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Beijing creates military monsterBy Bill Gertz
THE WASHINGTON TIMES
"Subjugating the enemy's army without fighting is the true pinnacle of excellence. Thus, the highest realization of warfare is to attack the enemy's plans."
-- "The Art of War," Sun Tzu
China has embarked on a major buildup of state-of-the-art military might, including its first aircraft carriers, designed to give the People's Liberation Army capabilities for defeating U.S. forces and threatening U.S. interests in Asia, according to American intelligence officials and China analysts.
Understanding that buildup and divining the long-term military ambitions of China's secretive leaders are enough to turn even America's top war fighter in the region into a diplomat.
"Our overall strategy is to deal with China from a position of strength," says Adm. Joseph W. Prueher, commander of the U.S. Pacific Command, the military force responsible for fighting any wars in Asia. "But we also are focusing on what China's interests are and respecting those interests."
China's strategic intentions "are part of every discussion we have with every nation in the theater," the admiral says.
Other analysts see China as an emerging superpower and the pre-eminent challenge to U.S. interests in Asia.
Arthur Waldron, a China specialist at the U.S. Naval War College, sees China's conventional weapons development -- aimed at projecting power far beyond its current limits -- as a concern, exacerbated by signs of "aggressive intent" over Taiwan and the Spratly Islands in the South China Sea. China, Taiwan and four other countries in the region claim all or part of the Spratlys.
China is making claims to national boundaries that extend 1,000 miles beyond those recognized by most of its neighbors and reach as far south as the southern rim of the South China Sea.
"It's illusory to think they can achieve that by military force, but it's a goal, and they are attempting to structure their forces with that as a target," Mr. Waldron says. "That is something that must cause us concern."
"The kinds of things the Chinese are doing to enhance their military capability are both offensive in nature, in the sense they involve power projection, and also out of proportion to any threat," says Sen. Jon Kyl, Arizona Republican and member of the Senate Intelligence Committee. "That's the concern the policy-makers have."
U.S. uncertainty about China's ultimate military aims was starkly illustrated this week with the release of a Pentagon analysis of China's defense modernization.
"Chinese statements and actions support the theory that China will continue to emphasize economic growth and economic modernization, rather than military might, as a foundation for national greatness," the analysis says.
But the next sentence warns, "As an emerging great power, China will probably build its military power to the point where it can engage and defeat any potential enemy within the region with its conventional forces and can deter any global strategic threat to China's national security."
Rep. Floyd D. Spence, South Carolina Republican and chairman of the House National Security Committee, says the hedged language cannot mask real fears about China's ultimate aims.
"Chinese leaders have said we are the enemy and stand as the major roadblock checking their desire to dominate East Asia," Mr. Spence says. "This report, though couched in careful bureaucratic language, admits as much."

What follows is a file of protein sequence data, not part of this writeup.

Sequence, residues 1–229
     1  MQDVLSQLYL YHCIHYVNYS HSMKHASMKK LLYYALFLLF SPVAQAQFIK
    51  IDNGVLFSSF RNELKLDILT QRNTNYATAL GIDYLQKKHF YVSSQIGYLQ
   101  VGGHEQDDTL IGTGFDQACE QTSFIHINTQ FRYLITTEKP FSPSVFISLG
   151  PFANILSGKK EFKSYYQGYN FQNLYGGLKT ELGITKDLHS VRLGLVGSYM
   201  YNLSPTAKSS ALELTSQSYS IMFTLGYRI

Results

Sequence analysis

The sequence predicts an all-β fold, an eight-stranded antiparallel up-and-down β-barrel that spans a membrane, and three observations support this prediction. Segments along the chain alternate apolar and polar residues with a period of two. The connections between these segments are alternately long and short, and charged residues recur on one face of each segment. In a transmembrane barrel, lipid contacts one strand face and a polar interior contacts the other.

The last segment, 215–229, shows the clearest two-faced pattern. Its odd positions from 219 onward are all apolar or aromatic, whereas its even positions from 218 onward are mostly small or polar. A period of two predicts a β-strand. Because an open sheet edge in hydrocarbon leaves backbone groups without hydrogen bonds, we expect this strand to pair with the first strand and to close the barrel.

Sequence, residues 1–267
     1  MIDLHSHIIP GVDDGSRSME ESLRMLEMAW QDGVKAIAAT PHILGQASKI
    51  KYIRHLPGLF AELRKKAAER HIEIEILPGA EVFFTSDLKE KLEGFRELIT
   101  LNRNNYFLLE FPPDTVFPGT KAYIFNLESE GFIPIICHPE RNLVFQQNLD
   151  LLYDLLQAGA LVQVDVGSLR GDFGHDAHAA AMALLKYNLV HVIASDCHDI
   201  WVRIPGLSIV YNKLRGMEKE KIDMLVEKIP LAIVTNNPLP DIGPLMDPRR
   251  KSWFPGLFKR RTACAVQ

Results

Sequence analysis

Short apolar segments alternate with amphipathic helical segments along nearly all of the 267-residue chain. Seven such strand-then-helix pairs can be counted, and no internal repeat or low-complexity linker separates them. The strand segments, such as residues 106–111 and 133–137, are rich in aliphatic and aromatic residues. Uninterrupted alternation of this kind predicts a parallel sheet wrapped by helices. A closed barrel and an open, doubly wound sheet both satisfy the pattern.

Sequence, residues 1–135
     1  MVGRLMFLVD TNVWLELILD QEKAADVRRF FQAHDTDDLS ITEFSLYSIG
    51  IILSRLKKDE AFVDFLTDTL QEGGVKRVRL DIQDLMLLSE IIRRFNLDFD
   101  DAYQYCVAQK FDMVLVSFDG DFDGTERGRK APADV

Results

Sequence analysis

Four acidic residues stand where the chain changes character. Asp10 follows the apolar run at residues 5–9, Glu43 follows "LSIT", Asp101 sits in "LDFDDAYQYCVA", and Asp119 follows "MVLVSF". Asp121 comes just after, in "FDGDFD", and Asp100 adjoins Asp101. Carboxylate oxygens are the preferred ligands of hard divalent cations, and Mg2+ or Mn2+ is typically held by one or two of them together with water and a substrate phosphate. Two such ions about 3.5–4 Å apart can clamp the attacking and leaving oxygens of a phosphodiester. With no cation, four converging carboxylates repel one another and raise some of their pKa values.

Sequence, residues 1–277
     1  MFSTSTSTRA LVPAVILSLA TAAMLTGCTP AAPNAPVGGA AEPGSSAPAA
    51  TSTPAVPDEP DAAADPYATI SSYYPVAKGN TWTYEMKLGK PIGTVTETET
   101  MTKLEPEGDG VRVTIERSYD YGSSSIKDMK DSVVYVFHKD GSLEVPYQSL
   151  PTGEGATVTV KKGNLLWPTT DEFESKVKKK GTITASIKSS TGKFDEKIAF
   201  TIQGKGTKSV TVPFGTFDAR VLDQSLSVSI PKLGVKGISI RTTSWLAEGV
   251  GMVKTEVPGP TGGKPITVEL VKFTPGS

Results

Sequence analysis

The level of U.S. forces in Asia, including 100,000 troops and the 7th Fleet, is under review as part of the Pentagon's four-year examination of force structure and strategy.
But while the Defense Department weighs cuts in its regional forces, China is engaged in an across-the-board effort to buy and develop arms aimed directly at challenging U.S. military power and capabilities.
According to the officials and analysts, the Chinese defense effort includes:
- Building several aircraft carriers in the next 15 years. "In the 2010 timeframe, China is projected to field its first aircraft carrier," according to a February report by the U.S. Office of Naval Intelligence.
- Replacing older warships with new ships outfitted with advanced anti-ship missiles, surface-to-air missiles and anti-submarine capabilities.
- Developing six new fighter aircraft and purchasing 48 Russian Su-27 fighters.
- Designing a new class of nuclear attack submarines and a new class of nuclear ballistic missile submarines.
- Building land-based and mobile intercontinental ballistic missiles with multiple warheads.
The effort comes at a time of rising nationalism and growing anti-American sentiment in China. Analysts say those feelings are partly the product of efforts by China's rulers to restore the army's tarnished image after its role in the 1989 massacre of democracy demonstrators in Beijing's Tiananmen Square.
U.S. defense and intelligence officials now regard China as a "near peer" military competitor, although not all analysts conclude that China poses a direct military threat.
Adm. Prueher says China is not now a threat but could become one through its weapons development and military modernization.
"We do not see them as a threat," he says. "In my estimation, China is about a decade and a half away with its training and equipment before they can put it all together."
"We aren't trying to portray China as an enemy," a senior military intelligence official says.
But "the trend that we see in China arming itself with strategic capability is not as positive" as current relations, the official said.
The most recent -- and in many ways, the most ominous -- U.S.-China clash erupted in March 1996 over Taiwan.